The single Ringgold identifier will tie these related accounts in our subscriber database, and allow us to assess the activity at an institutional level, rather than by subscribing account. Further, Ringgold is also supplying a structured hierarchy for our subscribers; we will know that SUNY Stony Brook belongs to the greater SUNY system. Such information is useful in our pursuit of consortia and multisite licensing opportunities.
Playing with a stacked deck
The History Center, Physics Today, Sigma Pi Sigma, the Society of Physics Students, Corporate Associates, and the American Association of Physics Teachers collaborated to create two decks of playing cards for use in promotions and as thank-you gifts to donors. Each deck features the faces of renowned physicists -- one set from the early 20th century and the other post-1960. The back of each deck displays the logo of a different AIP division or the AAPT logo. Thanks to Spencer Weart in the History Center and Gloria Lubkin of Physics Today for their suggestions on physicists to include and to Heather Lindsay, AIP History Center, for providing the archival images.
R&D pays off
This spring AIP was one of 40 organizations that brought several hundred scientists from all disciplines to DC to deliver the message that "R&D pays off" to the U.S. Congress. Approximately 30 scientists from AIP Member Societies (AVS, AGU, APS and AAS) participated in the effort. Our MGR staff helped escort AVS scientists to their appointments. MGR also helped bring a group of 35 OSA members to Capitol Hill from OSA's CLEO meeting to request funding for research and science education. Likewise, AIP staff accompanied Pennsylvania and New Jersey OSA scientists on their Congressional visits.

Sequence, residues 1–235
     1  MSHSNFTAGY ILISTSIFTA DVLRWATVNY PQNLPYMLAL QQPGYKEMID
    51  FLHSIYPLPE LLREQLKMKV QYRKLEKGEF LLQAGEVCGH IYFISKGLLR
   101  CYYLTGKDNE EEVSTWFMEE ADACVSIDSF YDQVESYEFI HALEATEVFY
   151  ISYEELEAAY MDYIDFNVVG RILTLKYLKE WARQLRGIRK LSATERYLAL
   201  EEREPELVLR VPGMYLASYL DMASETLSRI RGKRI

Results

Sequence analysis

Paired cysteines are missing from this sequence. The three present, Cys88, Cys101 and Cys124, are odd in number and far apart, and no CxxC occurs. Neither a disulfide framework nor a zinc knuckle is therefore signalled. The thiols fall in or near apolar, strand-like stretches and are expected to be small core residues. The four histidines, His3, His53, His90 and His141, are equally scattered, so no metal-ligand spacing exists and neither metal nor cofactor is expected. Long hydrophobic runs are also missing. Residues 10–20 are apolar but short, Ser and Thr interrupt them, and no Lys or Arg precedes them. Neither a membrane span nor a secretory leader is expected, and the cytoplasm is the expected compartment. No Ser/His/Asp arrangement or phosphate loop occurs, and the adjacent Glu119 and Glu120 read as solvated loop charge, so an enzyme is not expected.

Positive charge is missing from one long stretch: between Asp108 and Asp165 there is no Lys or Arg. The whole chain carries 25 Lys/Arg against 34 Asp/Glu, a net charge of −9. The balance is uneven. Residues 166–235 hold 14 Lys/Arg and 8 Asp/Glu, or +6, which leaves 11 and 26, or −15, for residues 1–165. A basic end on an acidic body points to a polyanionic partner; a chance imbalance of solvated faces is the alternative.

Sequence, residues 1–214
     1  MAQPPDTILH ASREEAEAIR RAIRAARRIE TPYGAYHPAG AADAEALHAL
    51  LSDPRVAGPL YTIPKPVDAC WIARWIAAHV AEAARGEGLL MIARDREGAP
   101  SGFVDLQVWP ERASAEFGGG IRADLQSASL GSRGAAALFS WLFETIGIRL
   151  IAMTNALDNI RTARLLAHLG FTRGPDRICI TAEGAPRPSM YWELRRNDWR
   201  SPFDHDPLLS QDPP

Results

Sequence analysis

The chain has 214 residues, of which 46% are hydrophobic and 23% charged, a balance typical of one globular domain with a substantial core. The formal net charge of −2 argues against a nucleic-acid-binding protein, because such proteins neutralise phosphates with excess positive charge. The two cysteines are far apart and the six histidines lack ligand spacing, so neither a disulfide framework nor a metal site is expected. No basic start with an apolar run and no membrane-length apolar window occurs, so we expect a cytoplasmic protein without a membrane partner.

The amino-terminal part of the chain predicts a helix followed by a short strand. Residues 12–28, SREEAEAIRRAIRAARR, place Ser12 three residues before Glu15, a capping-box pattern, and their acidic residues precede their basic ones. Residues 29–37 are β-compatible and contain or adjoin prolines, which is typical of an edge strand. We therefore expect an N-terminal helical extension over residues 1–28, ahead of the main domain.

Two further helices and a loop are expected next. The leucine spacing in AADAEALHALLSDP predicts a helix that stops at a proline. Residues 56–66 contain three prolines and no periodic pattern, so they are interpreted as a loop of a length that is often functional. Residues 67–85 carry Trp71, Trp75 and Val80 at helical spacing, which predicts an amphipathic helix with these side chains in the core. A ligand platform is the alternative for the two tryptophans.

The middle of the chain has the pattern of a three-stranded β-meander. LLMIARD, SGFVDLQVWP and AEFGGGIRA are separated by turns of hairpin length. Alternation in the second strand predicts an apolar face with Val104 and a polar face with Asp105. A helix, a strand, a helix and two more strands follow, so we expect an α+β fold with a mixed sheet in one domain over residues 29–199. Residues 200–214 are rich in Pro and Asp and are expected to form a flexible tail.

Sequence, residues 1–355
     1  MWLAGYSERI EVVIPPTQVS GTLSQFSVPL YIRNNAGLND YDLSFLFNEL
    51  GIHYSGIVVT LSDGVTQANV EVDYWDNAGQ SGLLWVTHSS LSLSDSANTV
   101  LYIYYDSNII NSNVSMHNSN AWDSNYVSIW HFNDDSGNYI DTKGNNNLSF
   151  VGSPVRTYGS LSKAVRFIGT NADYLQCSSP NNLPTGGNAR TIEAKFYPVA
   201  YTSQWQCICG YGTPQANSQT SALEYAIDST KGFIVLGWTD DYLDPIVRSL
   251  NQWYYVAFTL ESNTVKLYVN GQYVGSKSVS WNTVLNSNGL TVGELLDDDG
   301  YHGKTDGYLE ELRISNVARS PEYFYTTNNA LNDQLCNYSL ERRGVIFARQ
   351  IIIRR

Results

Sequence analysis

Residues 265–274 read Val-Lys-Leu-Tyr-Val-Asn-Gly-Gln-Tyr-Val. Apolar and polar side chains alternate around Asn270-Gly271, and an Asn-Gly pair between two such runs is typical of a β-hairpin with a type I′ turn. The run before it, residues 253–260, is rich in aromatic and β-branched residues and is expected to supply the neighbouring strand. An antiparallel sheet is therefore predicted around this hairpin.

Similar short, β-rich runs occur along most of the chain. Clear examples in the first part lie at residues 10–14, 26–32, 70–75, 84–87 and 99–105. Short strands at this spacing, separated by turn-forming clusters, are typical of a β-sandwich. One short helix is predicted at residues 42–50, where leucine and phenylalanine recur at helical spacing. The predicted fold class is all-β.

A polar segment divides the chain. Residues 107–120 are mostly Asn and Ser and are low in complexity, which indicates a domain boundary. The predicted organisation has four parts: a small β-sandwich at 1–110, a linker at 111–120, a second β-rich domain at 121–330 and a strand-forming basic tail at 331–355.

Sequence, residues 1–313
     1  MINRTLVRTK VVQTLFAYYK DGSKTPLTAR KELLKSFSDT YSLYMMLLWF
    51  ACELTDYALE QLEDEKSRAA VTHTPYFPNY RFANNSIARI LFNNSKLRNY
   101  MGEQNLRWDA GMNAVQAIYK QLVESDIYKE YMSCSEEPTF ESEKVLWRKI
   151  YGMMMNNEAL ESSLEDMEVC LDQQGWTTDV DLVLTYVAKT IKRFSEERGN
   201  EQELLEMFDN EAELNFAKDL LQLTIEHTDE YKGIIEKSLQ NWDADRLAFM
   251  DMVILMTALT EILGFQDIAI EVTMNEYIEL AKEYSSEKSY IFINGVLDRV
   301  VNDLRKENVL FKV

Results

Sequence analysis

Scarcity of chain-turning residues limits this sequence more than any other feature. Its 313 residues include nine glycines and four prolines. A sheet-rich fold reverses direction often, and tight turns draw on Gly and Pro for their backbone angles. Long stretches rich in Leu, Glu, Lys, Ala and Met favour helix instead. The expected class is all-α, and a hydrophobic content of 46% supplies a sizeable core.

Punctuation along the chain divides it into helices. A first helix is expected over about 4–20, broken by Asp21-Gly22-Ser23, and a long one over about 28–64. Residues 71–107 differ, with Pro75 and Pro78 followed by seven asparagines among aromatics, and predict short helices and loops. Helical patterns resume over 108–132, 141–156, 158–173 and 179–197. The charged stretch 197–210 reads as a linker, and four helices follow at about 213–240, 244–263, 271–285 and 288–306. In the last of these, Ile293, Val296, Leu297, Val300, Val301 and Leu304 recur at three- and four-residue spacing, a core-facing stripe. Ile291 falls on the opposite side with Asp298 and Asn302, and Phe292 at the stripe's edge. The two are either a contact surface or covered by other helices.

Calling all ideas!
Human Resources periodically arranges brown bag lunches for employees giving them an opportunity to learn new hobbies or become educated on important issues that affect our lives. These lunches are approximately 45 minutes in length. Previous lunches dealt with topics such as identity theft (MD & NY), stress management (MD & NY), how to understand your credit report (MD), wills and estate planning (NY), flower exchange (NY), and energy conservation tips (NY). We are turning to you to find out what topics you would like to learn more about through these informal sessions. Send topic ideas to Judy Rance or Donna Jones for consideration and we will do our best to find an expert to come on-site. Or, if you are an expert on something, let us know -- we may have a spotlight waiting for you!
Hotels for less
AIP is a member organization of Club Quarters, a lower cost alternative for hotels in cities such as New York, Chicago, Washington, DC, Boston, Philadelphia, London, etc. Club Quarters are private, full service hotels for member organizations designed for the business traveler and subsidized for family and friends' use on weekends and holiday periods. AIP staff and Member Society staff and members can benefit from this unique service for business or personal use. For more information, visit www.clubquarters.com. Reservations can be made by calling Member Services at 212-575-0006 and mentioning AIP.